- Whip up a smoothie using fermented yogurt, almond butter and berries or your favorite fruit (bonus if you can squeeze in some spinach or greens).
- Remember that magnesium is key to calcium absorption, since these two minerals have a close working relationship. If you have a calcium deficiency or imbalance, then you are more likely to have a magnesium deficiency and vice versa (magnesium deficiency can often be a precursor to calcium imbalance). To utilize calcium properly, make sure to eat foods high in magnesium regularly — like leafy greens, cocoa, avocado and bananas (notice how many of these foods also provide calcium).
You’ll get the most benefit from calcium if you avoid foods that cause inflammation, take a toll on gut health and interfere with nutrient absorption. Inflammatory foods to avoid include those with added sugar, processed grains, refined vegetable oils and synthetic ingredients.
Do Calcium Supplements Really Work?
What kind of calcium should you take if you’re worried about being calcium-deficient? Research suggests that supplements are not ideal for getting more calcium because there may be potential negative effects of calcium supplements — especially when taken in high doses and when someone is not getting enough vitamin D, magnesium and other key nutrients.
A 2015 study published in the Journal of Internal Medicine states, “Most studies show little evidence of a relationship between calcium intake and bone density, or the rate of bone loss … calcium supplements appear to have a negative risk-benefit effect, and so should not be used routinely in the prevention or treatment of osteoporosis.” (13) There may also be a link between high levels of calcium (mostly from supplements) and hardening/stiffening of the arteries, which can lead to heart disease. (14) Very high levels of calcium can also interact with drugs intended to treat heart disease, diabetes, epilepsy and other conditions, plus contribute to kidney stones. For those reasons, most experts now agree that the ideal way to get calcium is from a healthy diet that includes various sources of calcium.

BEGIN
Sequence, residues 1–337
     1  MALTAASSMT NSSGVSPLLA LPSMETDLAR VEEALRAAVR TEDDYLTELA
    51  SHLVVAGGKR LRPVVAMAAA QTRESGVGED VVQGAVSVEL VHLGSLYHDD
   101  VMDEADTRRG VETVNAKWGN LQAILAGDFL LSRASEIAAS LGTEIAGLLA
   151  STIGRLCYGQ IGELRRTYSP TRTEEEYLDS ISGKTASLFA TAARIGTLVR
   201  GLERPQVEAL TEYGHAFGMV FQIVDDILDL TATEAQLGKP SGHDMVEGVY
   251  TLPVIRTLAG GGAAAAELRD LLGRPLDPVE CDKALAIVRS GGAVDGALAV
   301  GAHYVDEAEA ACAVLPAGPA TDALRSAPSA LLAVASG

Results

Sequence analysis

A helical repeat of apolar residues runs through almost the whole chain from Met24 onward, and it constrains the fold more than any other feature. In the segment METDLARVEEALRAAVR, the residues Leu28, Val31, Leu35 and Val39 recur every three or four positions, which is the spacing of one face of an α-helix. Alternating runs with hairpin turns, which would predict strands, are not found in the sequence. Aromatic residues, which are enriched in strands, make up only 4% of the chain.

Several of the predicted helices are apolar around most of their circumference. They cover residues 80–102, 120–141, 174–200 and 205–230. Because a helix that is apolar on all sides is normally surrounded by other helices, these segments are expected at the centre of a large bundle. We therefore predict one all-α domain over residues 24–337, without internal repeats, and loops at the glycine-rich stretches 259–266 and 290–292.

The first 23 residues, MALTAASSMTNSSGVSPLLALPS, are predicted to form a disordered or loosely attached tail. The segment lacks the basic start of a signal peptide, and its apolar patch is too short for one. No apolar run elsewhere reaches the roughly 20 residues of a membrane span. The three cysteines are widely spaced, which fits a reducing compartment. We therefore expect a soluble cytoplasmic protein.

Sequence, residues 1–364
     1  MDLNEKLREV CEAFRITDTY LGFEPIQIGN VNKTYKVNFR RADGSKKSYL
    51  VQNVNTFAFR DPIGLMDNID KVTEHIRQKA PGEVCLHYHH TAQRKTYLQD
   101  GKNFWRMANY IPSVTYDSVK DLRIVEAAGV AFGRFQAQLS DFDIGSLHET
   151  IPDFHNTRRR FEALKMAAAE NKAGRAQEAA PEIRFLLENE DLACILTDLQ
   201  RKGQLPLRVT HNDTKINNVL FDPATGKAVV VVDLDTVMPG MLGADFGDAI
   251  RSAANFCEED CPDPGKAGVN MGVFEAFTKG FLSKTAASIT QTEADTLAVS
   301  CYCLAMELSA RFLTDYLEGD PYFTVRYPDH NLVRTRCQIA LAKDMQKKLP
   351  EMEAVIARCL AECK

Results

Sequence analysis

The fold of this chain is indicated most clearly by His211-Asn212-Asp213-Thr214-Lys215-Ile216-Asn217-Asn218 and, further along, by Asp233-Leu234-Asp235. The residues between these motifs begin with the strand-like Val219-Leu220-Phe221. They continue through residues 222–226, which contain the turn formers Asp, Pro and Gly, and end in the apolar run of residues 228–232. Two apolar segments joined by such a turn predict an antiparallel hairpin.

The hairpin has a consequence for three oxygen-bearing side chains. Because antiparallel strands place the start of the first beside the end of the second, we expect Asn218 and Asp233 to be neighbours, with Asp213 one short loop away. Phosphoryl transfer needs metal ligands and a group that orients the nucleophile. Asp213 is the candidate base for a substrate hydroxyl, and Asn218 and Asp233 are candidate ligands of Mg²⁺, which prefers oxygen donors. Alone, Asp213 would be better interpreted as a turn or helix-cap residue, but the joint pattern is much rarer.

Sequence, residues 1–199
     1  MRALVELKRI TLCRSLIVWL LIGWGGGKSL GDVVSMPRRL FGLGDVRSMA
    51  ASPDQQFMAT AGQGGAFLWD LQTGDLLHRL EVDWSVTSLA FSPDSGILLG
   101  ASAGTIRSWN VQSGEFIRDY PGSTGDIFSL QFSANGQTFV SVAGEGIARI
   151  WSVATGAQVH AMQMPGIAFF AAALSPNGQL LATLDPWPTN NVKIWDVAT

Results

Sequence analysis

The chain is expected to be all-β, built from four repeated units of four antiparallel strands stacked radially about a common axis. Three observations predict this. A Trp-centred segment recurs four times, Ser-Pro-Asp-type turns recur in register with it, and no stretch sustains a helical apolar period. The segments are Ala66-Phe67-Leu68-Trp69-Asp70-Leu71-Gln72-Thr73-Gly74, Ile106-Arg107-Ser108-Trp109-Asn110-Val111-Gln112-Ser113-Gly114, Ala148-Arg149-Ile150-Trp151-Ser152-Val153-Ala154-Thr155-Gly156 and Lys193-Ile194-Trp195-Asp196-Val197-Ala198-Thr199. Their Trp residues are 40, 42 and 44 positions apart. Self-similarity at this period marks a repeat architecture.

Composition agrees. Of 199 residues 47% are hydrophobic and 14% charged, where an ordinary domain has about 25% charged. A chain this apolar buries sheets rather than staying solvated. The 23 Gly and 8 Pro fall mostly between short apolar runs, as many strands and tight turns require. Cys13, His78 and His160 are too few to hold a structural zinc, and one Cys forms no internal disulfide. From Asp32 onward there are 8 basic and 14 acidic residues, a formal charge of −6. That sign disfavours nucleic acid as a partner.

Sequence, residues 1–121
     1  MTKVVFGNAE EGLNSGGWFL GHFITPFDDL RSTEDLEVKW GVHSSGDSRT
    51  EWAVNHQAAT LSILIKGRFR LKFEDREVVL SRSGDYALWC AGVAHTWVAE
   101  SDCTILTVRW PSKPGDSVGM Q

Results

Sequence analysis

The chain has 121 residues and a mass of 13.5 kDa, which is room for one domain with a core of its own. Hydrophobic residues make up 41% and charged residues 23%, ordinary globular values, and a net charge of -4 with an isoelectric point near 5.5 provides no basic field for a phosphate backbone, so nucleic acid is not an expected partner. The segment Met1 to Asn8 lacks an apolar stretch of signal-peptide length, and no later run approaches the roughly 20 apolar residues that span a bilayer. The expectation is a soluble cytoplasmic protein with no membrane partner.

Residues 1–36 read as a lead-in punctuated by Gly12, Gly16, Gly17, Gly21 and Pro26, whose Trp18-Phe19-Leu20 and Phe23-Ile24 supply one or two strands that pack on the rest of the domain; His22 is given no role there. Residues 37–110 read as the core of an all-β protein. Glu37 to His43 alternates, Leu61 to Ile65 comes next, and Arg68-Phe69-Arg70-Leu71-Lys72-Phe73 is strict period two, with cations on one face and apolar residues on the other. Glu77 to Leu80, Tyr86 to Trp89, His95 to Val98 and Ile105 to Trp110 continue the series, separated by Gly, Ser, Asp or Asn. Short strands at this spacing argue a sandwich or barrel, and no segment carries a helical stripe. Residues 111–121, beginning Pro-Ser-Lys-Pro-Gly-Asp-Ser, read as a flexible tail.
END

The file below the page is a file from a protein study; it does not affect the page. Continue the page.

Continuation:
If you are going to take a calcium supplement, what brand of calcium supplement is best? The two most popular types of calcium supplements are calcium carbonate and calcium citrate. (15) If you are going to take calcium supplements, aim to only take about 500 milligrams at one time, since your body cannot absorb much more than this at once. If you need a larger dose, plan to split up doses throughout the day. Calcium is best absorbed when taken with food (and remember to make sure you’re not deficient in vitamin D or vitamin K!).
Calcium Foods Recipes
Below are healthy, simple recipe ideas that include one or more foods high in calcium:
What can too much calcium do to the body? It’s unlikely that you’d get an overwhelming amount of calcium from food sources alone. In fact, it’s believed that most adults in the U.S., and many other developed nations too, do not get enough calcium on a daily basis from their diets. However in very high amounts — such as from foods and supplements combined — calcium may cause side effects. These can include nausea, bloating, constipation (especially calcium carbonate supplements), dry mouth, abdominal pain, irregular heartbeat, confusion and kidney stones.
If you experience indigestion, diarrhea and cramping when eating dairy foods, avoid these and get calcium from other sources. You might also find that you can tolerate raw milk, goat’s milk or sheep’s milk products but not conventional dairy from most cows. If you’re a vegetarian/vegan, be sure to get calcium from plant sources, including seaweed, green vegetables, beans, seeds and leafy greens. If you have a history of kidney stones or gallstones, talk to your doctor about the amount of calcium that is best for you.
- Calcium is the most abundant mineral in the body, mostly stored in the bones and teeth. Calcium’s functions include building bones, helping with nerve signaling and balancing other minerals.
- In general, calcium is found in the highest amounts in raw dairy products and green vegetables. Some of the top foods high in calcium include raw milk, yogurt, kefir, fermented cheeses, kale, sardines, broccoli, beans and almonds.
- Benefits of eating calcium-rich foods include protection against osteoporosis, bone loss, tooth decay, heart disease, diabetes and weight gain.
- It’s best to get calcium from calcium-rich foods rather than supplements. Supplements may be beneficial in some cases, but overall have not been shown to offer as much protection as a balanced, healthy diet.